Friday, April 28, 2006

Religion...

I was in Hong Kong last week (speaking at a conference; it went well, thanks for asking) and one of the things that struck me about the place is the prevalence of religion in the city. I was staying near Kowloon park where the city's largest mosque is, and in my time sightseeing I saw a few of the temples in the city (including the one in the photo above) and passed a few churches too. This set me thinking about religion in general.

I am a Christian (as you may have noticed by now) but do not consider myself to be in any way religious. As that statement may confuse some of you, I'll explain...

As far as I am concerned, religion is the tradition and ritual and mindset etc., etc. which builds up around a belief, generally a belief in a deity or something 'spiritual'. The development of religion around a belief is not dependent on whether or not that belief is true. Also I would say that the belief itself is not religion, but it is the actions that accompany the belief which are the religious bits. For example, when asked, the majority of people in the UK say they believe in the God of the bible, but most of them don't do anything about it, like go to church or pray and so on.

One of the things that struck me about the differences between (for lack of a better term) western (including middle-eastern) religions and far-eastern ones is the nature of worship. The little temple pictured above seems typical of the far-eastern religions to me, it is a place where individuals go to offer their personal acts of worship or ask their personal prayers. The temple itself was only large enough to accommodate a maximum of about ten people. This is in dramatic contrast to the mosque a few streets away where the whole Muslim community gathers together for corporate prayer and worship. At capacity that mosque could house several hundred worshippers.

And yet, despite the differences between these religions, they both appear to me to lack the one aspect of Christianity that is most important to me. There was absolutely no evidence of relationship between the worshippers and their god(s). It was interesting to watch the people walking past the little temple in the photo. As people passed the door, most of them paused for a moment, made some sort of reverential gesture to the temple and then carried on walking. It seemed to me that these folk had little time in their lives for their gods, but hedged their bets by offering tiny homages to the gods as they passed the temple. I assume that the only time these folk have much time for their gods is when they need help with something, and then invest a little time in the temple by offering money, incense and a longer period of reverential gestures.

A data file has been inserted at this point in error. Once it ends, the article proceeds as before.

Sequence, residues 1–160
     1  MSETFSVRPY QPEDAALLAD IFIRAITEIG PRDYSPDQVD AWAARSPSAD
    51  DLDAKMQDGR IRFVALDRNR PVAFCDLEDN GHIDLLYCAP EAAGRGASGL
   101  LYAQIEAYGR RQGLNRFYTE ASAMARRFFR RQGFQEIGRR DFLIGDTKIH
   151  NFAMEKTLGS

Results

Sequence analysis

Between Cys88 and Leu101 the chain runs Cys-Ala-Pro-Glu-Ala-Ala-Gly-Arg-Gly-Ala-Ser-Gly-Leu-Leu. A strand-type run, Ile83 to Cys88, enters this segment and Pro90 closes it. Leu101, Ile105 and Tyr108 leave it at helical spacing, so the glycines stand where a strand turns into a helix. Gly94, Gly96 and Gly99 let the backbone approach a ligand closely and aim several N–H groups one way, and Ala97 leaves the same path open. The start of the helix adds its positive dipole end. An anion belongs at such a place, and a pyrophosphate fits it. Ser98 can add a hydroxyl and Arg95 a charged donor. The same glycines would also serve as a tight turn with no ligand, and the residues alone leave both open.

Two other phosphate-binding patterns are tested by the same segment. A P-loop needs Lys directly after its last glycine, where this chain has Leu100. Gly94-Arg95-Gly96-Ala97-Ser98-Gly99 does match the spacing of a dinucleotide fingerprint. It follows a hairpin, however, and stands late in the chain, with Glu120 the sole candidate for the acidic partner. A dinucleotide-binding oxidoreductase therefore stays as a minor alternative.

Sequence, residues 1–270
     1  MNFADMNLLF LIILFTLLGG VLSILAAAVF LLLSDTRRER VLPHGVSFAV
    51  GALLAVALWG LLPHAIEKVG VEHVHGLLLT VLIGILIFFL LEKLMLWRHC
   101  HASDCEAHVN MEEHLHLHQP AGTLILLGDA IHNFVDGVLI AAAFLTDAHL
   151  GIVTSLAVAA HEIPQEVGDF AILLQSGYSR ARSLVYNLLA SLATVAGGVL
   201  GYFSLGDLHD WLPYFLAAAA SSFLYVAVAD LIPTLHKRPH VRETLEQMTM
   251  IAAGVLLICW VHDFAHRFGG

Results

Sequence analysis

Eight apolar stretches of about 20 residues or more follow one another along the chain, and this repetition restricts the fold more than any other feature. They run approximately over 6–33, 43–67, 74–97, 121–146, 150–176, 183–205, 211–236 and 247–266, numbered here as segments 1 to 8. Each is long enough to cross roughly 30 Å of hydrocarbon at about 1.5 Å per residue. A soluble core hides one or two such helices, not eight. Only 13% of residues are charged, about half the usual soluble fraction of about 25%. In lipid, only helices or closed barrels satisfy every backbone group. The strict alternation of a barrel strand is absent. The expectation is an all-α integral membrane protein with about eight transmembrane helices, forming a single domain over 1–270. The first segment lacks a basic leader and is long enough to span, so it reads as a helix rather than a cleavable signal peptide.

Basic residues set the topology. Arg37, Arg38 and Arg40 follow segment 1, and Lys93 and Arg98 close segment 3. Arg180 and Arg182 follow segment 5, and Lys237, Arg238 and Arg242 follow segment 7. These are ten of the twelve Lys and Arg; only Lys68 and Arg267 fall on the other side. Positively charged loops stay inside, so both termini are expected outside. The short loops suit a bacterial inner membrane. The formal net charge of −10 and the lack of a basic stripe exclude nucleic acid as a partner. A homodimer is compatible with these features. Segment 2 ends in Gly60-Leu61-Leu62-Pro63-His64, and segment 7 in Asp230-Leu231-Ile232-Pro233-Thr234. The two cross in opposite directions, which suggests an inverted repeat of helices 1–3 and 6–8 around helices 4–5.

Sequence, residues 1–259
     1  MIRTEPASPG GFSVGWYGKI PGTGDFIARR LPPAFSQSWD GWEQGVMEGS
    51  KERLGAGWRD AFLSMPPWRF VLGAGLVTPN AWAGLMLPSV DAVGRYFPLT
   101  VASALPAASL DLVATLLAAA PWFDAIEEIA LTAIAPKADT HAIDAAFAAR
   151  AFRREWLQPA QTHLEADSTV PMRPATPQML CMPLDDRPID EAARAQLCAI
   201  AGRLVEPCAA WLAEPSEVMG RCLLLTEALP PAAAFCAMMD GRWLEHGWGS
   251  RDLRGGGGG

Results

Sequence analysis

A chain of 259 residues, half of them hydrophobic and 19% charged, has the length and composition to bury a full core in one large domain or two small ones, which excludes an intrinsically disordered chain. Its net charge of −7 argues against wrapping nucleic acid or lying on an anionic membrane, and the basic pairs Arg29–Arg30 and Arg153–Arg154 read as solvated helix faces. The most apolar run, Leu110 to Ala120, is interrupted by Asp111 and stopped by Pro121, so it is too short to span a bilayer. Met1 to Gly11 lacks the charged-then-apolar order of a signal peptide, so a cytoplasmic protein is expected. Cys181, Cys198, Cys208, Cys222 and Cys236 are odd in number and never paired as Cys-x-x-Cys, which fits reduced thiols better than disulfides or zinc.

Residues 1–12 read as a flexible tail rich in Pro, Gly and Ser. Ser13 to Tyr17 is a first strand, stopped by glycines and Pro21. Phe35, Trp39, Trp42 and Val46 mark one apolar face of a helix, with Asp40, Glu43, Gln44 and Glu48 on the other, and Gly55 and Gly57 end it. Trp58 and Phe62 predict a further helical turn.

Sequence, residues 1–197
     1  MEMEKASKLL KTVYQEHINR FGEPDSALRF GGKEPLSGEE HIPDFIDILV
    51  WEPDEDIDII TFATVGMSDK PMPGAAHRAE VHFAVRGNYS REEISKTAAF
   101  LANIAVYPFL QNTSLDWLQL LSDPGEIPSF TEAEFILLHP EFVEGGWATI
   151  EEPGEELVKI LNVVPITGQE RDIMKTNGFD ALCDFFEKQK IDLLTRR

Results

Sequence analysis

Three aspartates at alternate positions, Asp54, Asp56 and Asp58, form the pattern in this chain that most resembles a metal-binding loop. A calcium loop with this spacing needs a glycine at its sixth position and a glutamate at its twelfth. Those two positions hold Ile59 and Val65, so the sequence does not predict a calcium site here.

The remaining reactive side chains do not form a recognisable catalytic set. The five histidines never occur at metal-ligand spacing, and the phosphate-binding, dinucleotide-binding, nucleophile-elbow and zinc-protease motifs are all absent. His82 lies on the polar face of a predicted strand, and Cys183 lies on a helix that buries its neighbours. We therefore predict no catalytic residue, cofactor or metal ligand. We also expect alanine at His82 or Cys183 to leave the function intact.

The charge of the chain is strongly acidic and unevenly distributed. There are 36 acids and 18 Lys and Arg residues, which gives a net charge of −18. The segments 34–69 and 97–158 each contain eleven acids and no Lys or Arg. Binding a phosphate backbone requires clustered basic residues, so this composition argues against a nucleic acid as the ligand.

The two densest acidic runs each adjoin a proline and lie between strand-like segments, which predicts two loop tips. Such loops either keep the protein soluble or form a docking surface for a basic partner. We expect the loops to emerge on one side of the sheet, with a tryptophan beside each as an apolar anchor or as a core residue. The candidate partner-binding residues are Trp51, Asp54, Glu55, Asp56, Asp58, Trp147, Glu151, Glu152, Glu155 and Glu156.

For me, Christianity isn't a religion. Its not about trying to persuade God to do things for me (how prayer is often perceived) or offering worship as an attempt to appease God so that He will turn away His anger from me and spare me from punishment. Rather it is all about a relationship with God - you don't generally need to persuade people who love you to do things for you, and people who love you are generally willing to forgive and cease their anger (if they were angry in the first place, which they probably weren't anyway) with only a simple 'sorry'. The thing about relationships is that you need to invest a bit of time to maintain them, that is what all the prayer and going-to-church stuff is all about, not doing these things out of some religious obligation, or because bad things will happen if I don't, but simply developing a relationship. Unfortunately most gatherings of Christians (or churches as they are known) have generally fallen into a certain way of doing things and have ritualised the whole thing, but we don't need to do it that way. Sometimes we need to look at what we do and strip away the old habits so we can develop the relationship with God which is hidden behind them.

1 Comments:

At 10:36 pm, Anonymous Bishop David said...

I really liked your thumb-nail statement of Christian faith. I agree that what we often offer is a sort of petrified version of that - and it seems to have little to do with relationship. But I wonder how you prevent a regular gathering of Christians going in that direction? I know they committed themselves to the apostles' teaching, the breaking of bread and to prayer. But things have a dreadful habit of falling into patterns of routine

 

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